Aromatherapy for dogs?
Does the concept of aromatherapy for dogs conjure up images of poodles in beauty parlours, relaxing to soothing music and having a facial? Because aromatherapy has been so over-marketed as a ‘beauty aid’ in this country the idea of using essential oils to heal dogs can seem very strange. Actually, it is one of the most logical and sensible ways to help our pets be healthy and happy; it is also easy to learn the basic principles of Essential Oil Therapy for Animals so you can use it safely on your own dogs.
Why use essential oils for dogs?
Dogs benefit from essential oils because they are a natural solution for many common physical or behavioural problems. Many plants contain essential oils, they are the fragrant messengers that, among other things, attract or repel insects, help the plant to heal cuts, or repel fungi and bacteria. Just as essential oils can disinfect a cut in a tree, so they can help us heal our dog's wounds; essential oils that contain phyto-hormones, such as rose, effect a dog's hormonal balance, helping to ease cyclical moodiness, regularize the cycle or control an excess of hormones as in spontaneous lactation.
When a dog smells an essential oil the molecules pass via his olfactory system to the limbic area of the brain, the area that deals with emotion, instinct and regulation of many of the bodies systems, for instance the anti-inflammatory response. In the world of holistic medicine it is recognised that mind and body are one unit and the mind has a large influence on the health of the body. Recent science agrees that inhalation can be a direct and effective way of delivering medication to the body, also much study has been made on the effect of fragrance on the psyche.
Essential oils reduce stress
Essential oils work on your dog's body and mind together, reducing stress, which is one of the biggest triggers for disease, at the same time delivering tiny amounts of healing compounds into the system. When using essential oils with dogs we do not apply them topically except in very specific circumstances. There are obvious logistical problems in covering a furry house pet in oil, (the mess on the carpets doesn’t bare thinking about!), but the main reason is that the animals have shown us it is unnecessary. I have seen dogs let go of inappropriate behaviours after just smelling an essential oil for a few minutes. I was once giving a talk and a very shy dog had been brought in as the ‘guinea dog’. She spent the time hiding under her person’s chair and all we had seen of her was her nose. I offered her diluted geranium (Pelargonium graveolens) to smell and within minutes, as I continued my talk, she came out and greeted everybody on the front row. Usually it will be a few days before you see a change and often it can take weeks and a changing array of essential oils until we work our way to the root of the problem.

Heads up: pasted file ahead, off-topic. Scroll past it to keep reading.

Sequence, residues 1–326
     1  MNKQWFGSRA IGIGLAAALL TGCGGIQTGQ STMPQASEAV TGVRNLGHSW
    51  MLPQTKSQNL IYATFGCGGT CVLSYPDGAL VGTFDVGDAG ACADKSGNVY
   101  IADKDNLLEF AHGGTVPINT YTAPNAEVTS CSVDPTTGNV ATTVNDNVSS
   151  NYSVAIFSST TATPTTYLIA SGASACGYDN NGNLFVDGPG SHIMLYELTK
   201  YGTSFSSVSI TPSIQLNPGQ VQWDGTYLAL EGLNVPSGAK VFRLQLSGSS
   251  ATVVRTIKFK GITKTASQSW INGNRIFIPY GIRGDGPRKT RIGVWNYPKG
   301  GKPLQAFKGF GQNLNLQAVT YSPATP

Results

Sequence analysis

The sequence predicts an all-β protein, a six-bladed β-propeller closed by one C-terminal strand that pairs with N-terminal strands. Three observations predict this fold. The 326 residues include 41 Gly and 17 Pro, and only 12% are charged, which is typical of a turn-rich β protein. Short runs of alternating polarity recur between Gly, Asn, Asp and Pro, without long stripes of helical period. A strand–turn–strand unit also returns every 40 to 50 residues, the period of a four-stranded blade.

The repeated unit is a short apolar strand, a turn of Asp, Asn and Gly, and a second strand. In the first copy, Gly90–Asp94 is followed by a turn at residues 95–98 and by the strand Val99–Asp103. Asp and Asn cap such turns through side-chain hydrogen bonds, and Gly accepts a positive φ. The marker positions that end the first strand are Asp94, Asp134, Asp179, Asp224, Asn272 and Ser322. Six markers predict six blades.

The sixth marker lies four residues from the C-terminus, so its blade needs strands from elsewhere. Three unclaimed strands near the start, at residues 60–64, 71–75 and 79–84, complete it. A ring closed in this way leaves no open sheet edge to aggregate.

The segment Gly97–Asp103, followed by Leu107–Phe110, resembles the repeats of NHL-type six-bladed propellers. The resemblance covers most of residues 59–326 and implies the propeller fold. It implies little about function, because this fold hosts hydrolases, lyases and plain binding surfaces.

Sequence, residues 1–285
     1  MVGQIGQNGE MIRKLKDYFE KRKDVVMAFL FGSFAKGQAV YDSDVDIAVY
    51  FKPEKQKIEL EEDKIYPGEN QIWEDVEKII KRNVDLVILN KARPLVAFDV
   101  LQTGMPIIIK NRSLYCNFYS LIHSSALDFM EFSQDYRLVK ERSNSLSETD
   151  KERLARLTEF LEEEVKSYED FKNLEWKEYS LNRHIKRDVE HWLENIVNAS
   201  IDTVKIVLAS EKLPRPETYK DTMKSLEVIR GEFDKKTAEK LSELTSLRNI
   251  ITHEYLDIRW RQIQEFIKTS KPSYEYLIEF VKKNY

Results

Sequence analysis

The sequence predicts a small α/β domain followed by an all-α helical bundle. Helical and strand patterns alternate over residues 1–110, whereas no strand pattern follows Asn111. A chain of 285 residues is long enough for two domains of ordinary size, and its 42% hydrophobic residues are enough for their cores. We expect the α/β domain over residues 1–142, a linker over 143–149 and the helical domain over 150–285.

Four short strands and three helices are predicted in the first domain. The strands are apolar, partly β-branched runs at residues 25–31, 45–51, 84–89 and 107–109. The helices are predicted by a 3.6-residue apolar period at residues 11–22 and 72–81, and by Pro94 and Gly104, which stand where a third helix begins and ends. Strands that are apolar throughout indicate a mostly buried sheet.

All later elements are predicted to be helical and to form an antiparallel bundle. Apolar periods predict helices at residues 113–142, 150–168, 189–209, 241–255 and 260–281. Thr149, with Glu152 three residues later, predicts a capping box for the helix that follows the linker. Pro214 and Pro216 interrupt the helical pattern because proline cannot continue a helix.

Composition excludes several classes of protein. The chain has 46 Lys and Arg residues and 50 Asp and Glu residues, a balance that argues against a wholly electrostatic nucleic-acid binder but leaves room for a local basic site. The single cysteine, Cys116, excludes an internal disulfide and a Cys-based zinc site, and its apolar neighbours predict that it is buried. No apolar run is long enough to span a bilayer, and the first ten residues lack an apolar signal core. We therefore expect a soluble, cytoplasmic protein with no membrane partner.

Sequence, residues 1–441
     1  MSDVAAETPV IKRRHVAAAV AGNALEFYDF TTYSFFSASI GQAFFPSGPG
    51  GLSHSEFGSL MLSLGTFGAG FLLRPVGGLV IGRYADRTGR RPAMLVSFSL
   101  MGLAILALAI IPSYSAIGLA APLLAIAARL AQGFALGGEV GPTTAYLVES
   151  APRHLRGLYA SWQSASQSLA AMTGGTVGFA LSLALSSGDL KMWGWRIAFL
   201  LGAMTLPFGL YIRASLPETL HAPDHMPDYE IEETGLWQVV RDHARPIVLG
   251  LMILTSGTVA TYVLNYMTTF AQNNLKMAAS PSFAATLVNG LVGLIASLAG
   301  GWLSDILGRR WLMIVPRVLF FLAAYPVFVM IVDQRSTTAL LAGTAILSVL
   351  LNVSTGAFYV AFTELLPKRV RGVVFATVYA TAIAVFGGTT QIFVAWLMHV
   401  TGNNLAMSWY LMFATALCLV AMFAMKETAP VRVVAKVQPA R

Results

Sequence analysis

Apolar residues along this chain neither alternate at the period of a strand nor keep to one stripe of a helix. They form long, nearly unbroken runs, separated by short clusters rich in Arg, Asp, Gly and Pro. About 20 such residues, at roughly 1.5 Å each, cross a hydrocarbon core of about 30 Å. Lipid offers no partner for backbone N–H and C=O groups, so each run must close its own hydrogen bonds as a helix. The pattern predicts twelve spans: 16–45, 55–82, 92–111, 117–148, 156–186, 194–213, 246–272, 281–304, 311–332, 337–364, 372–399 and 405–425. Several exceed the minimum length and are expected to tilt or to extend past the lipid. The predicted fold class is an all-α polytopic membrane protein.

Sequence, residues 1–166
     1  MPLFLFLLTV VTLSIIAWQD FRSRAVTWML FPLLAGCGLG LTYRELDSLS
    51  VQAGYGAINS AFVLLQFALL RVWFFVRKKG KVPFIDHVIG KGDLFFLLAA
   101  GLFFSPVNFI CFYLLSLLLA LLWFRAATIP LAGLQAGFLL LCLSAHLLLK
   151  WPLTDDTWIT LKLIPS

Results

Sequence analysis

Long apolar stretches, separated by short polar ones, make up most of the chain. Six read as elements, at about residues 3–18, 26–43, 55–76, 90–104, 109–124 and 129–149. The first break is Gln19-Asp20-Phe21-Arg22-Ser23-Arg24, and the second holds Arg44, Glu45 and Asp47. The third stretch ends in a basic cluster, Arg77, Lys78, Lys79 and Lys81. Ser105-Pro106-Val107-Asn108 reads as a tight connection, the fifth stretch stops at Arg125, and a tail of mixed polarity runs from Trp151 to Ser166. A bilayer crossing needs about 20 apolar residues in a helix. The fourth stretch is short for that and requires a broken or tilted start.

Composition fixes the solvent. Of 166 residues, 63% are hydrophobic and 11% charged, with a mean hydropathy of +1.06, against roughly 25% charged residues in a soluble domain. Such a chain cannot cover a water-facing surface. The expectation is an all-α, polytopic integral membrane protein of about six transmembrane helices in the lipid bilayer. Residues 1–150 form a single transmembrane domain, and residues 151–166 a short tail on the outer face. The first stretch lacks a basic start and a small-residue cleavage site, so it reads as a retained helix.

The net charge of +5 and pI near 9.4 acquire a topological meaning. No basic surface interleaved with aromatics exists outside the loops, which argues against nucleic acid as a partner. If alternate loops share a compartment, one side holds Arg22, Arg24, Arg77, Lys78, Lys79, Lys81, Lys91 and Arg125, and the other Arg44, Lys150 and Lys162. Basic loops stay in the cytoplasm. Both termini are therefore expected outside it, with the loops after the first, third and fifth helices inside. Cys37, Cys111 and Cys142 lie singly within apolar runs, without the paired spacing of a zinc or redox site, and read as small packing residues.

Dogs self-medicate in the wild
Given the freedom to roam animals will self-medicate. I’m sure most of you have seen your dogs eating grass from time to time, if you watch carefully you will see they are picking very specific grasses. Rough grasses with serrated edges ball together in the intestine to scrape worms out; soft, bitter grasses cleanse the stomach when regurgitated. Eating dirt and faeces are also ways of self-medicating. Clay is an excellent de-toxicant and wild animals will travel miles to clay deposits in order to cleanse their livers; the faeces of herbivores is full of enzymes and half digested protein, very useful for a carnivore’s digestive system.
Dogs can choose, naturally